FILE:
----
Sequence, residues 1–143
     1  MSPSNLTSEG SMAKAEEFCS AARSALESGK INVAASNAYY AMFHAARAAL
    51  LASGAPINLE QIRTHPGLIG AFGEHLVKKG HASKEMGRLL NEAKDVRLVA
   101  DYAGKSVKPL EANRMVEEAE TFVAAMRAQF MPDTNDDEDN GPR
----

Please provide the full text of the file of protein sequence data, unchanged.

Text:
Sequence, residues 1–143
     1  MSPSNLTSEG SMAKAEEFCS AARSALESGK INVAASNAYY AMFHAARAAL
    51  LASGAPINLE QIRTHPGLIG AFGEHLVKKG HASKEMGRLL NEAKDVRLVA
   101  DYAGKSVKPL EANRMVEEAE TFVAAMRAQF MPDTNDDEDN GPR